This is as intellectually impoverished a vision for education as I have ever encountered. It’s straight out of My Fair Lady: 'let’s not teach kids to engage critically with literature, just make sure they can blend in with high society by laughing at the right spots.' The idea that we must choose between a generation of graduates who can grow food and a generation who can recognise an Elizabethan double-entendre is a false dichotomy – but if I had to choose, I know which skill I'd want them to have.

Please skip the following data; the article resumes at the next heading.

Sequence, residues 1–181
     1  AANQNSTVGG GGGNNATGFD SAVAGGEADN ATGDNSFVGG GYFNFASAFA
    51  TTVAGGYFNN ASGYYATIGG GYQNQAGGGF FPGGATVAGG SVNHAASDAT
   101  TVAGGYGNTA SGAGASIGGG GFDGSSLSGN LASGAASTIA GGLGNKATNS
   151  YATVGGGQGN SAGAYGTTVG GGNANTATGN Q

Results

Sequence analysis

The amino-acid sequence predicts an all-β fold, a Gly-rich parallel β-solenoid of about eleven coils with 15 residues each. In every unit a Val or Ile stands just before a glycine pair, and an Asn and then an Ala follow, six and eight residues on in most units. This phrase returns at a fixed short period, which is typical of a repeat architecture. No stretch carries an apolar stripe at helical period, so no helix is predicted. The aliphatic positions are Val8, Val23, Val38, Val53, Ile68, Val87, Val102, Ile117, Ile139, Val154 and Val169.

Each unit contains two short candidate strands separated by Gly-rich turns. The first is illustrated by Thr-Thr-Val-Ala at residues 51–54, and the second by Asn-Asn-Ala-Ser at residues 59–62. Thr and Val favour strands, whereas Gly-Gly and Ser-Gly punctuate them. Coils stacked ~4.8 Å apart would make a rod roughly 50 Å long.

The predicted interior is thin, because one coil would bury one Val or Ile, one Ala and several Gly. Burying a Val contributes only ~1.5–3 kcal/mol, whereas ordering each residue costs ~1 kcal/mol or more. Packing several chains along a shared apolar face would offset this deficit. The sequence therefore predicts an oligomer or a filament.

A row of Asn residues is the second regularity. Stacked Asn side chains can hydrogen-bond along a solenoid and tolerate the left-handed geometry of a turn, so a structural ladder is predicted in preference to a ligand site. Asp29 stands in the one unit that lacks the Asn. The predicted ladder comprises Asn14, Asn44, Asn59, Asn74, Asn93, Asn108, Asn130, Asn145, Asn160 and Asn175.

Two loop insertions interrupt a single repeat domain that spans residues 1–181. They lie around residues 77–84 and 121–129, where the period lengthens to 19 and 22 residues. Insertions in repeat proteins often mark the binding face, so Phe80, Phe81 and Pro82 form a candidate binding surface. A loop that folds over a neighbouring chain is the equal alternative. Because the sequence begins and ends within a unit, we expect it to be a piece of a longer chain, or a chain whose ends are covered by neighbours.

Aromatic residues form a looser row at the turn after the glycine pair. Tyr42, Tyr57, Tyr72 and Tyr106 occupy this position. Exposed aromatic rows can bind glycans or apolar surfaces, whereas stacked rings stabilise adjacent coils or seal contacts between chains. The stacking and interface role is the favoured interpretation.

This post received one comment, posted by my brother, Andrew: